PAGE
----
Profiles Editor Kelsey Madges  is excited for the adaptation of The Circle by Dave Eggers. She says, "More than any other book I’ve read recently, this one stuck with me. It begins as the story of a young woman, Mae Holland, (soon to be portrayed on the big screen by Emma Watson) who is rescued from a bleak job with a local utility company and brought into the world of the Circle—the world’s premier tech company. Imagine if the current leaders of social media, personal technology devices, and online platforms merged to become one enormous company and you'll have some idea of the prominence and pervasiveness of the Circle. It was not difficult to picture myself as wide-eyed Mae in her first days working for the tech giant, unable to believe the good luck and string-pulling that landed her a dream job. As the story unfolds, the reader, unlike Mae herself, begins to feel uneasy at the influence the Circle slowly exerts on all aspects of Mae’s life. The authority of  the Circle, and the degree to which Mae blindly accepts it, grows to an absurd degree in the second half of the novel. The goals of the Circle feel increasingly sinister as the novel races toward an over-the-top, though entertaining, cautionary conclusion for life in these digital times. As ridiculous as the final plot twists felt to me rarely does a day go by that something in my real-life doesn’t remind me of the Circle. I've shared this book with many people in my personal circle, and I'm looking forward to seeing how the story plays out on the big screen."

Photo Editor Heather Vrattos  was pleased with both the book and adaptation of A Man called Ove, by Fredrik Backman. She states, "It is a humorous and tender story about Ove, a man who has become isolated from his community. He has quarreled with his best friend, been ousted from the board of his housing development, suffered from the death of his wife, and he has been forced into retirement. His new neighbor draws him back from his isolation and pushes him into encounters with his community. Flashbacks to his childhood and life leading up to the present are interspersed throughout the story, which reveals his love of rules and doing things the right way. As big life events happen, the rules are sometimes comforting to fall back on. Other times, the rules seem frustratingly bureaucratic, as certain rules do not fit the situation. The book seems to suggest that rules help a community to get along, but in today’s messy, diverse, and sometimes complicated society, one needs to think about how the rules can best be applied to benefit a modern community. The book was made into a great movie directed by Hannes Holm. It's in Swedish with English subtitles and closely follows the book. While I preferred the book, because it had the time to reveal more information about the lives of various characters, the movie does a great job mixing the dark humor with a heartwarming story."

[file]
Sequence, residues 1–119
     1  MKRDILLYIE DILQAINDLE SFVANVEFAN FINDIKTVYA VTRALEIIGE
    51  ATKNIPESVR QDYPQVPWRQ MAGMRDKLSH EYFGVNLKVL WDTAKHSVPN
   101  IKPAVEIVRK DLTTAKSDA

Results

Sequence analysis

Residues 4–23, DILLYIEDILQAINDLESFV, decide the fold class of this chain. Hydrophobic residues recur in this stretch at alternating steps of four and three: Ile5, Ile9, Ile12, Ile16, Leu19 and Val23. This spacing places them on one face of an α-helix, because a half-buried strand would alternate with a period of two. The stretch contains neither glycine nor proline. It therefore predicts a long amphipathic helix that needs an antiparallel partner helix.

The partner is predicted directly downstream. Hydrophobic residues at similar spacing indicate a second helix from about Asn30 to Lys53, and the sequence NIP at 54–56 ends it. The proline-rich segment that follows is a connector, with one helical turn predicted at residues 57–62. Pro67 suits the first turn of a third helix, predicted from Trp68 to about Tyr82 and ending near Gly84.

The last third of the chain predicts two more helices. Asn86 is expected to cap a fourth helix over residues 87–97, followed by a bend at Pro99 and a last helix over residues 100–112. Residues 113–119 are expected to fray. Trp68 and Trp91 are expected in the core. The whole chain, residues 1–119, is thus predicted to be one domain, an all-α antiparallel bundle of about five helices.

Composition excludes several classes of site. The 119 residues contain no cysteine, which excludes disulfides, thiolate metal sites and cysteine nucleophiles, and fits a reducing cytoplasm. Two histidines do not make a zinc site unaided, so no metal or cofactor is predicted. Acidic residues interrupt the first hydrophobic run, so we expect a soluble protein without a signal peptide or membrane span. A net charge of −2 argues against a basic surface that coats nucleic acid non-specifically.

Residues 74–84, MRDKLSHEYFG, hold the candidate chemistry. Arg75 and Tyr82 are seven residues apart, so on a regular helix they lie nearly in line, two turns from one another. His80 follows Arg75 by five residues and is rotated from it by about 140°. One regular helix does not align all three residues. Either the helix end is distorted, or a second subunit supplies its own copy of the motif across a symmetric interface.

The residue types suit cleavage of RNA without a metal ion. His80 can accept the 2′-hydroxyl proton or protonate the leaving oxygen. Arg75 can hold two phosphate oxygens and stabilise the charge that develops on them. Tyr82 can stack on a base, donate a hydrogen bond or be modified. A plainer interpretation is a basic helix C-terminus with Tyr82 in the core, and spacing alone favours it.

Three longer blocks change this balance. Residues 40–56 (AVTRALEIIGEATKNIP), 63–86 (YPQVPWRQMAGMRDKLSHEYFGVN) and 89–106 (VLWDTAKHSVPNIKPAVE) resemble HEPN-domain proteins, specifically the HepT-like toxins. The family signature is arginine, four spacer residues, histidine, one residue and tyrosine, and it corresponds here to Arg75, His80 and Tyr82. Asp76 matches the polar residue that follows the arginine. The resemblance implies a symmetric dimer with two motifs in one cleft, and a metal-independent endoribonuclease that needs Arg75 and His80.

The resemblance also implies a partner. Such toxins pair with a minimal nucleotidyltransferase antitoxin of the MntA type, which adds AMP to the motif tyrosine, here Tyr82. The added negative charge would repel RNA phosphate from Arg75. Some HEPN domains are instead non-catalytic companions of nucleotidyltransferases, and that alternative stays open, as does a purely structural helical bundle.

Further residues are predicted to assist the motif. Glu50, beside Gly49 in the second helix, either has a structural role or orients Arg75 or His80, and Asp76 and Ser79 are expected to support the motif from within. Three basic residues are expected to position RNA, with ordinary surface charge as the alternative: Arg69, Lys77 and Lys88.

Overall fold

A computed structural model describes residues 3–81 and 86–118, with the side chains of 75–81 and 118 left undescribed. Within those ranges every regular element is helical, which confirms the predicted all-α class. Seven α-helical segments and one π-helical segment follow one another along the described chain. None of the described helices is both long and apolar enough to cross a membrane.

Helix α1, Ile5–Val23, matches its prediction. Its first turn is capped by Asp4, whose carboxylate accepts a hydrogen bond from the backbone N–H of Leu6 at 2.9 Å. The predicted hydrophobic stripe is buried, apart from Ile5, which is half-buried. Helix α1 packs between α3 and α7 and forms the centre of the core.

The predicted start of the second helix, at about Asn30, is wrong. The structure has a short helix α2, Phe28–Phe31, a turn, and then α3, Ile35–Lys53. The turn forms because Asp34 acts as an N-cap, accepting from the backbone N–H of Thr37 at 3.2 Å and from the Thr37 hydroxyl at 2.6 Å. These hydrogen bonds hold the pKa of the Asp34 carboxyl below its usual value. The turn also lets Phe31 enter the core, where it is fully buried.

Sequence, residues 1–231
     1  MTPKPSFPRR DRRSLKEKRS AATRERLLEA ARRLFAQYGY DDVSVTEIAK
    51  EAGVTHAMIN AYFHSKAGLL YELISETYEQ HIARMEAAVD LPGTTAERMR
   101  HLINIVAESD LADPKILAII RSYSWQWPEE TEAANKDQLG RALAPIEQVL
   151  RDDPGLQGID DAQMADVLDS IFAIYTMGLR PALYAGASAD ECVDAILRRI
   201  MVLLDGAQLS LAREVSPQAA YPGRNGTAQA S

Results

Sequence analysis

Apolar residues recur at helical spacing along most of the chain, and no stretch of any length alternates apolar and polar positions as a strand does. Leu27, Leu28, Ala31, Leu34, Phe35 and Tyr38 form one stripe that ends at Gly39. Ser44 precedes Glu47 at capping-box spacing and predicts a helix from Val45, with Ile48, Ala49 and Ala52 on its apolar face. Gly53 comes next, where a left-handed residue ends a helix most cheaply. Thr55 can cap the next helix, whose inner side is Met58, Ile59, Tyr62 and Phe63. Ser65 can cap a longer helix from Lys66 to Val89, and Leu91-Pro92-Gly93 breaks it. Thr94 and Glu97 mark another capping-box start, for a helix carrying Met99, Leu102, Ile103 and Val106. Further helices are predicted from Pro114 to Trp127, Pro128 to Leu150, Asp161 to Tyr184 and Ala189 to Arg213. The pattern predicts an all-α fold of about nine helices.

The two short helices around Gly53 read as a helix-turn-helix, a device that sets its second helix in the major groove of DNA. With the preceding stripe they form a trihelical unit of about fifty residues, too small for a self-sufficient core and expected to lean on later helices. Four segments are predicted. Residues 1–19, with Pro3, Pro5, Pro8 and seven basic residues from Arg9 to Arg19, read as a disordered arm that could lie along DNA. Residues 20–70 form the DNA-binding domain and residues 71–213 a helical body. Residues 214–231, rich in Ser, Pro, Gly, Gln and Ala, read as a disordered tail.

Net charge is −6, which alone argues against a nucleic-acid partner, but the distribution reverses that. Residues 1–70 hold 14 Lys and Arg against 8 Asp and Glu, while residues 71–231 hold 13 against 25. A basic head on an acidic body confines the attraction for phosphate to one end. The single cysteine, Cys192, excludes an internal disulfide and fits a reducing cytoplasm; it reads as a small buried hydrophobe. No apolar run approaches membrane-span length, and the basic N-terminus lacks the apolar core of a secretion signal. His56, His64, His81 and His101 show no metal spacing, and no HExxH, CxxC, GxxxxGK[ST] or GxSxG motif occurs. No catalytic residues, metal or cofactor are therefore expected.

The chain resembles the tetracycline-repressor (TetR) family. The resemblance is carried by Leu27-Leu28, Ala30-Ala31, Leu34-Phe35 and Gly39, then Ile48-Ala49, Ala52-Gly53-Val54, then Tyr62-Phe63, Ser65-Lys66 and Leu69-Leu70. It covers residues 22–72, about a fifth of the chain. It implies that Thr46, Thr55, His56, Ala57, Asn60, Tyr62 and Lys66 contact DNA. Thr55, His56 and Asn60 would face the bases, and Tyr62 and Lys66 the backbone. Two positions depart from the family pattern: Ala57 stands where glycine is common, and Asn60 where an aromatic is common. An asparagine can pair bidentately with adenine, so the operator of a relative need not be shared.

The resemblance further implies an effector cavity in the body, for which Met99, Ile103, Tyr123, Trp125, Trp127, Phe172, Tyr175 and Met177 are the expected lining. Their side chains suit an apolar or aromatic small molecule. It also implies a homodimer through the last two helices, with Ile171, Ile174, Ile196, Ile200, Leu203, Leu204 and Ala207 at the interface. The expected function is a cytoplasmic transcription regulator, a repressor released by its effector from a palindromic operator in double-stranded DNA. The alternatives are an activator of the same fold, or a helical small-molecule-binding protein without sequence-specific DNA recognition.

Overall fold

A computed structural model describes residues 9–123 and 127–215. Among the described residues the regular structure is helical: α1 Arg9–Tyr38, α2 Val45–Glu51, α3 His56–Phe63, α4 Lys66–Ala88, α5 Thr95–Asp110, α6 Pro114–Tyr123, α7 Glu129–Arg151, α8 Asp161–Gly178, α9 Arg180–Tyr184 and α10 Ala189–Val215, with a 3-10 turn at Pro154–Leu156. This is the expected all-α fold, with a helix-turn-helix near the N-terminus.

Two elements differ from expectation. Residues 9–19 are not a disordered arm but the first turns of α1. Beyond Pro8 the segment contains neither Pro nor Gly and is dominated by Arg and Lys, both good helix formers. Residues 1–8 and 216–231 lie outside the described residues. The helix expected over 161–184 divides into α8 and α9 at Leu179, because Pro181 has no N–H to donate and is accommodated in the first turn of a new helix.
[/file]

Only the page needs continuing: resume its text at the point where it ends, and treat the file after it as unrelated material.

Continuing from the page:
Managing Editor and Reviews Editorial Assistant Hope Donovan Rider shares an example of what she considers a successful adaptation. She says, "One of my favorite book-to-movie adaptations is The Princess Bride. I watched the movie every chance I got when I was growing up, and discovered the book when I was in junior high. I then read it at least once a year for many years. The movie is a fun adventure with fighting, swashbuckling, clear villains, and, of course, true love. The book has all of that, as well as some pointed social satire. It is one of the few book and movie pairs that I can't pick between because they are both exactly right."

Do you have a favorite (or not so favorite) adaptation? Share it with us in the comments below or tweet us @LiteraryMama. Follow us on Goodreads for more reading suggestions.


Abigail Lalonde lives in Philadelphia with her husband and three cats. She holds an MFA in creative writing from Rosemont College. Her work has been featured in Sanitarium Magazine and Pretty Owl Poetry. She writes about books and writing on her website.


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Heather Vrattos is pursuing an interest in photography by taking courses at the International Center of Photography. She is the mother of three boys, and lives in New York City.